Five Finger Music

Photo by Siniz Kim on Unsplash. 

Not only is five finger music a good source of supplementary and recital material for young performers, but I have discovered it is also a good choice for adults returning to piano after many years away from it.

The limited hand position allows adults to reacquainting themselves with note reading. Reinforcement occurs from one piece to another for any one given hand position. If the music limits melodic movement to steps, it’s a good way to get students to think forwards and backwards in the alphabet. As music moves down on either staff by step, I have students say the note names backwards in the alphabet. Thinking forwards when notes go up is usually not an issue. 

In addition, five finger music has a further benefit in the exploration of the keyboard topography if the music requires the performer to move hands up or down an octave in hand position at some point in any piece of music.

I have had success with Jane Hergo’s Piano Tidbits Book 1 with adults returning to piano. Her expectations of the performer with a variety of touches through varying articulations adds to the discussion of piano technique. 

Once the younger student feels comfortable with five finger position pieces  I will consider moving to, for a lack of a a better term, next step five finger position. These are pieces which require the movement of a few fingers out of position on occasion. About half the pieces in Piano Tidbits Book 2 are five finger and the other half require some finger movement for expansion in range.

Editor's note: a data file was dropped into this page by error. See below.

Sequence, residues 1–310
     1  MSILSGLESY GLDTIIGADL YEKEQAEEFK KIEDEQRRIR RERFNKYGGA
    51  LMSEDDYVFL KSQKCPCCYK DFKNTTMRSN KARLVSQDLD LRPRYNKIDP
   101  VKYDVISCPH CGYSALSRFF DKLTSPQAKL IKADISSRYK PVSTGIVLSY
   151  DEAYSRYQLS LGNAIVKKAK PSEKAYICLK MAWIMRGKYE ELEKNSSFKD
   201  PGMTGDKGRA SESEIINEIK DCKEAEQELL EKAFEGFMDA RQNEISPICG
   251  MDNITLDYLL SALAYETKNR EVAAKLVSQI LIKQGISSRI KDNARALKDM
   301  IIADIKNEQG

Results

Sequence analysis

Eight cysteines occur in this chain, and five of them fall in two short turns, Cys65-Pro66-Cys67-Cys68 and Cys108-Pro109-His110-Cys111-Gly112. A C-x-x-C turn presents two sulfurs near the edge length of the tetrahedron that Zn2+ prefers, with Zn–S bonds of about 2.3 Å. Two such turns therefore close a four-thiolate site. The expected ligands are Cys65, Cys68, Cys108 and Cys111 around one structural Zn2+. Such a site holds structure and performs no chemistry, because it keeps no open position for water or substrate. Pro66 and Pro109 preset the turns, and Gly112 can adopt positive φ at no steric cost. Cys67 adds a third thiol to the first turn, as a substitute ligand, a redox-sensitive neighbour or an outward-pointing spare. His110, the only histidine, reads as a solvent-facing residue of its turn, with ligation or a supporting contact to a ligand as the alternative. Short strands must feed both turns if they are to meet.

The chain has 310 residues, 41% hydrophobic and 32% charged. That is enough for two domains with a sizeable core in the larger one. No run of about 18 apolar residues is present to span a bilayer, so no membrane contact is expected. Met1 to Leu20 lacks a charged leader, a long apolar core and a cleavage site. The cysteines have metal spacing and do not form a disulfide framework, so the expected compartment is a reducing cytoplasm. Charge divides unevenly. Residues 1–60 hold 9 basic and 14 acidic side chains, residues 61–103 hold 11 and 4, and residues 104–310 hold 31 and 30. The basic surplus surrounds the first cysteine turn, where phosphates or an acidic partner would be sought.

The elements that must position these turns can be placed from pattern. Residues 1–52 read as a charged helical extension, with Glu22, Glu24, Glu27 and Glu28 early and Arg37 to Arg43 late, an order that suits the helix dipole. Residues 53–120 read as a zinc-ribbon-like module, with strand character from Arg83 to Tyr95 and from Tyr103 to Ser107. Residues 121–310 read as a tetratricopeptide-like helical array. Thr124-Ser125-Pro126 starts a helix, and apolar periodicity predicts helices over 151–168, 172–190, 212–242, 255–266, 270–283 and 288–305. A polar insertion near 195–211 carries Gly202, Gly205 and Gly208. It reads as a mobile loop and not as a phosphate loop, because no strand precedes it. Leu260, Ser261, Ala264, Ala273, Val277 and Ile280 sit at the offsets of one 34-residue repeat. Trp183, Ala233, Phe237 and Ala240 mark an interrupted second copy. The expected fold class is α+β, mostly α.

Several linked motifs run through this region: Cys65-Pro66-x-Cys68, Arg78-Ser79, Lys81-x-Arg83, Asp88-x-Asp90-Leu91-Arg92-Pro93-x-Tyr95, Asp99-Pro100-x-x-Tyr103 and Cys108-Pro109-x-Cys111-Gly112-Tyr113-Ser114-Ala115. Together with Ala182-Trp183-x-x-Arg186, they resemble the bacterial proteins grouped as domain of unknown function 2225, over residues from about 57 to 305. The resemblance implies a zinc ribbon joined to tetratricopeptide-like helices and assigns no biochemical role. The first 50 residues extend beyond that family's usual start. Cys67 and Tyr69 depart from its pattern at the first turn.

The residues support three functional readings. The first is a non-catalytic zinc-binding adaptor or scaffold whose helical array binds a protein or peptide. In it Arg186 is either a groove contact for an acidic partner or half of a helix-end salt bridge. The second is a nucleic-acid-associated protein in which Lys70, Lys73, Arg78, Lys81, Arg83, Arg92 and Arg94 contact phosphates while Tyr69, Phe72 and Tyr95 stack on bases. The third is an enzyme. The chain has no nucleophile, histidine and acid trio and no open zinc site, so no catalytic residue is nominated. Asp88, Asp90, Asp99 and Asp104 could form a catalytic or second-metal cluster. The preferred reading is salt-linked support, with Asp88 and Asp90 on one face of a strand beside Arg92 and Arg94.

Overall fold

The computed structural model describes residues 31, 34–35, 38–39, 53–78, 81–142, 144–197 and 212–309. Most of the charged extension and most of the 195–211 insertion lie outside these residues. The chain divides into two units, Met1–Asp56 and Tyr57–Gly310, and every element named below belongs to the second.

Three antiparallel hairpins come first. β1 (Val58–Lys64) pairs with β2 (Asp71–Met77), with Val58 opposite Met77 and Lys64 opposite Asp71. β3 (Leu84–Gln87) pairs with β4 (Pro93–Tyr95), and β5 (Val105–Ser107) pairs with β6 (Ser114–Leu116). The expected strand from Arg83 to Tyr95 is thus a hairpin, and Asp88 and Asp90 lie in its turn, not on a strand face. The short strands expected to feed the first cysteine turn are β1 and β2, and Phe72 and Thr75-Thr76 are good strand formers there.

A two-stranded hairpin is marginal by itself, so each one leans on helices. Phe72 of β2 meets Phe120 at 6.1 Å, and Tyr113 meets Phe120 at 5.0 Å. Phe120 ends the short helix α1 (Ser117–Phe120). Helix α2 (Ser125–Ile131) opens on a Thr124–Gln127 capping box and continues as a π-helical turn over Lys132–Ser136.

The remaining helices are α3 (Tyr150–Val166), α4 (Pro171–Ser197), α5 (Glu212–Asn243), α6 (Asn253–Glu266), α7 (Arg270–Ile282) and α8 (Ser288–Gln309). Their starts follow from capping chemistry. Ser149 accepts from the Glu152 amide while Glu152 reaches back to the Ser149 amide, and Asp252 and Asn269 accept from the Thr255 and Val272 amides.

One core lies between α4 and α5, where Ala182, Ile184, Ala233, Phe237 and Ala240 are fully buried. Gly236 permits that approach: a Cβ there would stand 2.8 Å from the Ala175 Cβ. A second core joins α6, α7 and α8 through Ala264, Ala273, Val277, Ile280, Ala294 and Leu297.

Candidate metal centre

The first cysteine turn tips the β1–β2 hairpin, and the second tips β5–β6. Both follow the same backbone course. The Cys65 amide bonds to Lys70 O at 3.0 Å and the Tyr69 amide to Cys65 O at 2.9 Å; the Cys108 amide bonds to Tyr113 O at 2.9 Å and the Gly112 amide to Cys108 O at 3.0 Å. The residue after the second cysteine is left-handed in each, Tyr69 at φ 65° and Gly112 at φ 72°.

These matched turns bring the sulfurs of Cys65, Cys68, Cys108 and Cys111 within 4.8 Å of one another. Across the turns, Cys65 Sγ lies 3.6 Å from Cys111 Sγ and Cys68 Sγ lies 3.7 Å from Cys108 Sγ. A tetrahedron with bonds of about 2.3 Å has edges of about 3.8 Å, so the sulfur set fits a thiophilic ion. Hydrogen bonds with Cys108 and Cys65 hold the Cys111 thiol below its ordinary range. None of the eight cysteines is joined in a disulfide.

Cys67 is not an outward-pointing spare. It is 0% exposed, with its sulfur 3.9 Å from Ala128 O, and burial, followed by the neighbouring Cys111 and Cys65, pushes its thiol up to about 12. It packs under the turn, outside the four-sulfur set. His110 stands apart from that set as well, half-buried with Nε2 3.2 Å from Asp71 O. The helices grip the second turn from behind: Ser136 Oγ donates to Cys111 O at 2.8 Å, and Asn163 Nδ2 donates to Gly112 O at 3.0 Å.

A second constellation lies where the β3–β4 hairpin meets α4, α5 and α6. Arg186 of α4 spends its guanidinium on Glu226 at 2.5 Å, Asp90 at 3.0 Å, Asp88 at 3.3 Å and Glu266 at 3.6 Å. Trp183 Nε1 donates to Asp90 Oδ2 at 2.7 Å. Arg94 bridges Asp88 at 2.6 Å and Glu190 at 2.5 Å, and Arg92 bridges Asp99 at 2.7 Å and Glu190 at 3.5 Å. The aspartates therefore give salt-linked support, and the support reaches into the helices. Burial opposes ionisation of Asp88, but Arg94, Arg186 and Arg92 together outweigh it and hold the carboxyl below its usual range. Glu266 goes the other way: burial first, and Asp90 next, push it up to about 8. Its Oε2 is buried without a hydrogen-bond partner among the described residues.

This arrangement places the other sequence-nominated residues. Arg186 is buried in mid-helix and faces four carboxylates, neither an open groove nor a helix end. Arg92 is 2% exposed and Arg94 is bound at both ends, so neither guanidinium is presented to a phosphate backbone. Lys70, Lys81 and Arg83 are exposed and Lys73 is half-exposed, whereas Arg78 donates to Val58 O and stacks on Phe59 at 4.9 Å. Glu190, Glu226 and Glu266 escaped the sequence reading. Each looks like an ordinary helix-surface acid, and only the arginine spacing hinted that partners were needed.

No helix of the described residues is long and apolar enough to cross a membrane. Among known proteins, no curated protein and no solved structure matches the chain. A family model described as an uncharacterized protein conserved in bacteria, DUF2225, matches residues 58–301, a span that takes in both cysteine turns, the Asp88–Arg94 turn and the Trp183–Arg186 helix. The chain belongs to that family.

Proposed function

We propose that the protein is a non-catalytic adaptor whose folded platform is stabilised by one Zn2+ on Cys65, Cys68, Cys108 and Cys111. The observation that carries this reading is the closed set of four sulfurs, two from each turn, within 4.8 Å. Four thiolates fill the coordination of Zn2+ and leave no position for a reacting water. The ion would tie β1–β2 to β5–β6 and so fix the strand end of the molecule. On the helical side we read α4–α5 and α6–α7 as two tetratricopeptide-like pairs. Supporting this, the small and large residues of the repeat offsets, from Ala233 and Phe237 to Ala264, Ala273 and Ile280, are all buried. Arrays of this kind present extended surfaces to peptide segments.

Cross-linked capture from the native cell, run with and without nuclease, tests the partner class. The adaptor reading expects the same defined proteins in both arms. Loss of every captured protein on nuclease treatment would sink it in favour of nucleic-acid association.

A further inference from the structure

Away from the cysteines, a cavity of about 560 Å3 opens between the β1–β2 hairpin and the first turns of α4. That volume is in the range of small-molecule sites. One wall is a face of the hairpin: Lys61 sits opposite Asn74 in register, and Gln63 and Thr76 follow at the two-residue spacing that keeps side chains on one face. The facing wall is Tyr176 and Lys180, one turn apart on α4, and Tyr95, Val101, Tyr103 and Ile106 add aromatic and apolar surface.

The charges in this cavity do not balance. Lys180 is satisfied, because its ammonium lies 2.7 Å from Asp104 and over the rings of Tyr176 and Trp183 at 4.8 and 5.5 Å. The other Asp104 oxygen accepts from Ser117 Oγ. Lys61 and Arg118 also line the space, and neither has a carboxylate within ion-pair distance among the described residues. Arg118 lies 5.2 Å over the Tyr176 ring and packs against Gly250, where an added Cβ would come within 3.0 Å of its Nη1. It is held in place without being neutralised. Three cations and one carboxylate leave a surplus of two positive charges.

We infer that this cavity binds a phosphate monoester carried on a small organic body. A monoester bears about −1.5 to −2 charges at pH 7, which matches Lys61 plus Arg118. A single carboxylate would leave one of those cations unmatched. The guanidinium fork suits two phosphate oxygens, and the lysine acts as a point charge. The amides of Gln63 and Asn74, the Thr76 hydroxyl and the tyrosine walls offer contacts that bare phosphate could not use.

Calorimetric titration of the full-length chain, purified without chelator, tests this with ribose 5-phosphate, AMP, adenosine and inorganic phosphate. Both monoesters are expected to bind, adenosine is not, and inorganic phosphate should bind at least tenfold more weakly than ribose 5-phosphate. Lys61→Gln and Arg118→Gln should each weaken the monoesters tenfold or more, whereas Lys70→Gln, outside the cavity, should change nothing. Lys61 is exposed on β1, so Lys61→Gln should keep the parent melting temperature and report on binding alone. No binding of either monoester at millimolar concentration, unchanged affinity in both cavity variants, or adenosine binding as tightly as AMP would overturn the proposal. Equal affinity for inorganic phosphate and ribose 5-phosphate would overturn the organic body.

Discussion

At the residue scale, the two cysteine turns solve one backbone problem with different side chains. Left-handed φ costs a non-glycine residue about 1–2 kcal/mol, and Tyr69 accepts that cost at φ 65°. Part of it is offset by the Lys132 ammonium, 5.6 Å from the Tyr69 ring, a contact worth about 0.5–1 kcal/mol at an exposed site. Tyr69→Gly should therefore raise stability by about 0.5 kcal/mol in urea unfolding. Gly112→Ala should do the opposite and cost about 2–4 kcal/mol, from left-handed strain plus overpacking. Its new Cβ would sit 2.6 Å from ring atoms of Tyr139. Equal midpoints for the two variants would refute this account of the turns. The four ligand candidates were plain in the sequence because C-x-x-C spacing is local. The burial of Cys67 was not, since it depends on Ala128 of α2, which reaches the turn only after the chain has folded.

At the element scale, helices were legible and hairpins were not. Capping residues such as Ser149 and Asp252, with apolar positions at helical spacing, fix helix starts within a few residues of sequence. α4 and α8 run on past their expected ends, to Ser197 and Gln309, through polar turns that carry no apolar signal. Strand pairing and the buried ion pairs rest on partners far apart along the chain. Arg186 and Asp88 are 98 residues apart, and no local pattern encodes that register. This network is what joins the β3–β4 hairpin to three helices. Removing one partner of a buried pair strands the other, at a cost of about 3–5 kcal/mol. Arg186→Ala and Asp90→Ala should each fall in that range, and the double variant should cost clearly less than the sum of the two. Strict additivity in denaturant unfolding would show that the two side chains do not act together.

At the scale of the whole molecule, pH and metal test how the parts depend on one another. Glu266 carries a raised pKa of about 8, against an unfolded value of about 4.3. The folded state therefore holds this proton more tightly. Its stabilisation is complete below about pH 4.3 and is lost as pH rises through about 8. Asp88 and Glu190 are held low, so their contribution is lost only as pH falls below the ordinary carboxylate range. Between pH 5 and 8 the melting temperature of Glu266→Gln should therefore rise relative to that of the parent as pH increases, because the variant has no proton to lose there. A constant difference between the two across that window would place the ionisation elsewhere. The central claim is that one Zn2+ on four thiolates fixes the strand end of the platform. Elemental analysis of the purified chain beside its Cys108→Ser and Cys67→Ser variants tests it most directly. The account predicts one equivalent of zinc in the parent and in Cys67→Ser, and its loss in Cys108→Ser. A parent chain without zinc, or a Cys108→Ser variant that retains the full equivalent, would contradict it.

Noteworthy Elementary Piano Solos of Carol Flatau and Carrie Kraft is another example of a mixed hand position approach. Some stay to five finger position while others employ quite a bit of shifting in position.  A couple of solos in the book include the key signature of D major instead of implying key signatures as accidentals.

Other books to consider would include Jane Hergo’s Five Finger Frolics and Halloween Delights for Five Fingers both which center around middle C position. Five Finger Frolics does have a few selections which require right hand finger three to be placed on Eb for a C minor tonality, while all other solos have the soloist on white keys. Halloween Delights for Five Fingers incorporates more use of black keys as does both Piano Tidbit Books which explore C, G and middle C position. One solo, Blue Ghost, found in Halloween Delights, is also available in sheet music. It is in a D minor five finger position.

 Jubilation has a few moving five finger positions. The solo for one hand requires finger control during moments of two and three-part writing. The expectation of a relaxed hand position while certain combinations of fingers are held down as other fingers play should provide a challenge for the early intermediate performer.